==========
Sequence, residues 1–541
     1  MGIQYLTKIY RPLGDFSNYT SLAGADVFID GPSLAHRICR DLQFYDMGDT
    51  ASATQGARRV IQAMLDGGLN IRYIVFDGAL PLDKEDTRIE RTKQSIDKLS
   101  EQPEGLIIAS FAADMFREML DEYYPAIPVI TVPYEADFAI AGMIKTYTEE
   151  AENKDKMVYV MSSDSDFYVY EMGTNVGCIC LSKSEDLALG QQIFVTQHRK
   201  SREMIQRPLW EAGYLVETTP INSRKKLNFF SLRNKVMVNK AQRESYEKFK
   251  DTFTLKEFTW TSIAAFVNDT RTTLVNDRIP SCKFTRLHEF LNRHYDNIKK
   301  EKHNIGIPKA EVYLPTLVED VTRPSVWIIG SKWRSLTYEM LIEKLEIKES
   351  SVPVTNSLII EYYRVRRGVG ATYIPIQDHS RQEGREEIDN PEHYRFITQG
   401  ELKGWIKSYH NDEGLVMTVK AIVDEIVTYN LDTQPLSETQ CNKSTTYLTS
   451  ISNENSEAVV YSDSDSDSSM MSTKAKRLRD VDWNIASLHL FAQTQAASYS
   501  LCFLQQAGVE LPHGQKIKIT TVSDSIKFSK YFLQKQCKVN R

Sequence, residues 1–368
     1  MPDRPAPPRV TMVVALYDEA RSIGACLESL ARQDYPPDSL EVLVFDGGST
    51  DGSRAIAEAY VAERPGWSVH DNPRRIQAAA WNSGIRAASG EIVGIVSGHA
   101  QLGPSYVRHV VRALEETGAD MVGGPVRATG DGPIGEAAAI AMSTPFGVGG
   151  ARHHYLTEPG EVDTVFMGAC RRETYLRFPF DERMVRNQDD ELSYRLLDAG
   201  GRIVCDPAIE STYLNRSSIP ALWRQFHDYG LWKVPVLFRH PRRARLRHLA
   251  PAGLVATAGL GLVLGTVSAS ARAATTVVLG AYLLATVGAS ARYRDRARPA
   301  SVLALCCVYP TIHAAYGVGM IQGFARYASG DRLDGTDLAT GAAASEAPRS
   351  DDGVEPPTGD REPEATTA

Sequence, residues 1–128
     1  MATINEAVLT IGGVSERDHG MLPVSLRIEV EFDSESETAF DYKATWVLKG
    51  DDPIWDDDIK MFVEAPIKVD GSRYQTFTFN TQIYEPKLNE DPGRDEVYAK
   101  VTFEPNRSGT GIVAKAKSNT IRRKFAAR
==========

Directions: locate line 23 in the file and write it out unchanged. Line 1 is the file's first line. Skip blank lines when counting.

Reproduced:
     1  MATINEAVLT IGGVSERDHG MLPVSLRIEV EFDSESETAF DYKATWVLKG